Cordelia, Lear's beloved daughter, is the only other character in the story who is genuinely god-like, untouched by the evil of this world. Francesca Bertini plays the youngest daughter with an angelic innocence, which does contrast with Regan's and Goneril's obvious flattery. The mood of the film is set in this opening scene. Lo Savio encourages the audience's emotional attachment to the heroes of the play, and its immediate dislike for the rest of the characters. (Even the clown is not given the chance to rise to Shakespeare's all-knowing philosopher, and remains just a ridiculous caricature.)

In this context, the text is redundant. Knowledge of the play is also not essential, unlike in other films of the same period that are essentially filmed stage productions with various title cards displaying rough descriptions of the scenes to follow. King Lear works because it tells Shakespeare's story all by itself, it understands the conflicts between characters, and adapts them to the medium of a silent film. The brilliance of the play is not derived from the language, but from insight into the human tragedy at stake.

It would be unfair to claim that the performances verge on over-acting. Novelli in particular proves that his Lear is in deep pain after being rejected by the two elder daughters. He doesn't need words to express his fall - he kneels, sobs, compares the human heart with a stone, becomes a beggar, only to be rescued on the verge of madness by his youngest child.

The reunification with Cordelia is a tour de force for both Novelli and Bertini, who was to become one of the greatest actresses of Italian silent cinema. Lo Savio's insistence on escaping time, restoring Lear's reason, gives Bertini the opportunity to show heart-breaking compassion for her fallen father. Lear's awakening is not one of joy, but of relief mingled with regret. The scene is charged with remorse for his over-powering pride. Cordelia wishes she had expressed her love, Lear wishes he had never decided to divide the kingdom. It is not the usual interpretation of the scene, but it does work.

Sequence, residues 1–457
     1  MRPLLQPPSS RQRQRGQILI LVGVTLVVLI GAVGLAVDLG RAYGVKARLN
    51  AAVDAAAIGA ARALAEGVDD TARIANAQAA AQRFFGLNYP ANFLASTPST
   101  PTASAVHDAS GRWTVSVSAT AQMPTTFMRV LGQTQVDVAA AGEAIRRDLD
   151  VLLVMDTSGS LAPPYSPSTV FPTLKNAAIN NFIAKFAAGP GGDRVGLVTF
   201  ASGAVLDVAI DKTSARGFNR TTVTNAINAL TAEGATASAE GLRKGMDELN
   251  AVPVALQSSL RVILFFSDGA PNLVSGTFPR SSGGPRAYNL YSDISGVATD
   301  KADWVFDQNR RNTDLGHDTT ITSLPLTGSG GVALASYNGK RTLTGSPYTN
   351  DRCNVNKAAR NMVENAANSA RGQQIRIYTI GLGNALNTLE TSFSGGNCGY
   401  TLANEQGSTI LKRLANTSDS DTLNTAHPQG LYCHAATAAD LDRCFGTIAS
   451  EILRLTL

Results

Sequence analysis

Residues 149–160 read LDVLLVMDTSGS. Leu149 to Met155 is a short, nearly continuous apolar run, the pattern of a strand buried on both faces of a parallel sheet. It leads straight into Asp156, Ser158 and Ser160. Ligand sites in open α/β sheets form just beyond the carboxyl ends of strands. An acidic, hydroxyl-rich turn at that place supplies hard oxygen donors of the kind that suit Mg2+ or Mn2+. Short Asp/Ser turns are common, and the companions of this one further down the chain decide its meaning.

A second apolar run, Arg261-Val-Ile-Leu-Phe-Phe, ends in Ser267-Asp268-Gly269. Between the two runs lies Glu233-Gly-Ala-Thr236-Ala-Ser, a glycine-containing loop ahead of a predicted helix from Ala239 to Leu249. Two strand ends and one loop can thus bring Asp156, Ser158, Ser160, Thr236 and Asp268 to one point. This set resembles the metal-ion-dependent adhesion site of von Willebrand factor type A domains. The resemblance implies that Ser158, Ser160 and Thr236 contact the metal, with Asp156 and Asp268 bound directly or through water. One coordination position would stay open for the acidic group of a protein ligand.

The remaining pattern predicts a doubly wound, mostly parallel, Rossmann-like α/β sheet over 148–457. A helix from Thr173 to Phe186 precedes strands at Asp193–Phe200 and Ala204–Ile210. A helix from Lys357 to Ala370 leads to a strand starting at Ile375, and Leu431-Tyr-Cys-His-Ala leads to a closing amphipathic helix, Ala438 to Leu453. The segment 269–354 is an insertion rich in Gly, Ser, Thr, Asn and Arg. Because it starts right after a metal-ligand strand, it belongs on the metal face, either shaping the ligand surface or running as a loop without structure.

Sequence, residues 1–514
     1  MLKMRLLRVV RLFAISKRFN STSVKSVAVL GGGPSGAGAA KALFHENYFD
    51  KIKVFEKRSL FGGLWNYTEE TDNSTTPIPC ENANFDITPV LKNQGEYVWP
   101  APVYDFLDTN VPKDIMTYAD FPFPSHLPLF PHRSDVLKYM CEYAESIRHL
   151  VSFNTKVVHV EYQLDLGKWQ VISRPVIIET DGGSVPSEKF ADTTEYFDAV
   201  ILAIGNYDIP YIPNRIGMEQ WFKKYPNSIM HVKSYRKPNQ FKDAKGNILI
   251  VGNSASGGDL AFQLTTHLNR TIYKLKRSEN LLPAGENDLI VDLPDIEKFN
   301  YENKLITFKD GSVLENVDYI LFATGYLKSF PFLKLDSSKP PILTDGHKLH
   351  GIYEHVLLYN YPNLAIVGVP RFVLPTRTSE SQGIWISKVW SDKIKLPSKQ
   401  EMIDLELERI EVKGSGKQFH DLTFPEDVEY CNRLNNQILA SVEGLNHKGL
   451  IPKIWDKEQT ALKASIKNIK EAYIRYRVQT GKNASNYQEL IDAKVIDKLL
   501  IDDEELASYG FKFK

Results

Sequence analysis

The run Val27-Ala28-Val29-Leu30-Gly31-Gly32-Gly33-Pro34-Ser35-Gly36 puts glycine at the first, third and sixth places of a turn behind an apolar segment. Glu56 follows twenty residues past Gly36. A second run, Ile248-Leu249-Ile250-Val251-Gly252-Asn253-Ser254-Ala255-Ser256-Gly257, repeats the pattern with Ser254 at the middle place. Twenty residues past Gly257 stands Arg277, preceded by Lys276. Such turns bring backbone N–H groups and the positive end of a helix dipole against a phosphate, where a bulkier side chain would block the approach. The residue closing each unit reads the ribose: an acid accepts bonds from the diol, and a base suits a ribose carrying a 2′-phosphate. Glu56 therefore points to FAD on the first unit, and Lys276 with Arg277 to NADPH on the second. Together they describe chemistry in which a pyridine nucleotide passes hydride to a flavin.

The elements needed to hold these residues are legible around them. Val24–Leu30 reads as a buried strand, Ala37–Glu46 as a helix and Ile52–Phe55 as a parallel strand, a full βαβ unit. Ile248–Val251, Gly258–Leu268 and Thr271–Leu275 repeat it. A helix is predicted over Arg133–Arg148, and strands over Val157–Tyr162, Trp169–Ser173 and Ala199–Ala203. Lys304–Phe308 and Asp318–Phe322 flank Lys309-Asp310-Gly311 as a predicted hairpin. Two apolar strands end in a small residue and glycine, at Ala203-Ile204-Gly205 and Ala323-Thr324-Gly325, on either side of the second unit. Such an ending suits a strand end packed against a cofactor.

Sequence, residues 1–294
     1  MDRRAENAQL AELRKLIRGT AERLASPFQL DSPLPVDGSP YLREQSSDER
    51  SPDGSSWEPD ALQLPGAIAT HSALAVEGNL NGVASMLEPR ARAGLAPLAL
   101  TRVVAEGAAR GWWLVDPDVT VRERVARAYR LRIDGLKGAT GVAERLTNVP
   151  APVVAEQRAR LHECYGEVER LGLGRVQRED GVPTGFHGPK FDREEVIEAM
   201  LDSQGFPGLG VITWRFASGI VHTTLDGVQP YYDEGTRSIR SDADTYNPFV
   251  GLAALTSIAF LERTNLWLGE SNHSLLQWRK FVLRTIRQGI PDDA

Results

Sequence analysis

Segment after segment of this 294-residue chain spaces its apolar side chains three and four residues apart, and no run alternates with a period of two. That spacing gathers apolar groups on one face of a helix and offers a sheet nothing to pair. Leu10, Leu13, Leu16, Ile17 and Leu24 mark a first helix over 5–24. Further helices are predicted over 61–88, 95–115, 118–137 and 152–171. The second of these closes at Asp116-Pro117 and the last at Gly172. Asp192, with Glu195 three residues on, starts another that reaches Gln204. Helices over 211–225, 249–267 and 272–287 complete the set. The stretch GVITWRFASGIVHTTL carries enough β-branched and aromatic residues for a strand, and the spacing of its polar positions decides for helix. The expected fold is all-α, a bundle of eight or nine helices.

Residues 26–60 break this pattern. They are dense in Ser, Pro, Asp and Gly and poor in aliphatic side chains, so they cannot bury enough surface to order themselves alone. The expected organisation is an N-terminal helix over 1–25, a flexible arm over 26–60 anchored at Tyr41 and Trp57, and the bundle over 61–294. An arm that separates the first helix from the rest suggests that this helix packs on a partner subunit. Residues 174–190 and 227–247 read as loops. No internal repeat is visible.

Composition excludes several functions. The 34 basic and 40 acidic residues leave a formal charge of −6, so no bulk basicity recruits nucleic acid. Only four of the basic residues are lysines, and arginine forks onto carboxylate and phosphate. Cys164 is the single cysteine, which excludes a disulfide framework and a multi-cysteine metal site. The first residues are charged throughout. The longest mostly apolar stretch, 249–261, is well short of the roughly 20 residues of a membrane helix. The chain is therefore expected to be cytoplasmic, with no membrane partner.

The fairy-tale tone is what helps Lo Savio depict that final grief after Cordelia's death, so poignant in the original play. The quick wrap-up of the print available today is the only sequence that is shown on a single colour tinted palette, which is a consequence of poor preservation, rather than directorial intention. However, in retrospect, the damage done to the prints is ironically quite telling. The original contrast between good and bad, established by colour, vanishes, as Lo Savio ends on the grim note of the father's utter destruction. There are no more characters we care for, and hence the end (which leaves out the fate of Regan and Goneril,) is just a faded note of despair.

King Lear was adapted in a number of successful productions throughout the 20th century, yet Lo Savio's version, which does away with the Edmund-Edgar subplot completely, is unique among them. The lack of dialogue is turned into an advantage in a brave attempt at understanding Lear's loss as a parent, and through that his loss of the human bond. Lear's death does not have to be seen, as the afterthought lingers in the spectator's mind long after the film has ended. Did Shakespeare intend King Lear to be a hymn to fallen fathers? Probably not. But Lo Savio's King Lear is a tender, haunting ballet of gods under the quiet piano accompaniment of Laura Rossi, composed for the recent BFI restoration. Even gods can fail if pride eclipses the instinct of the heart.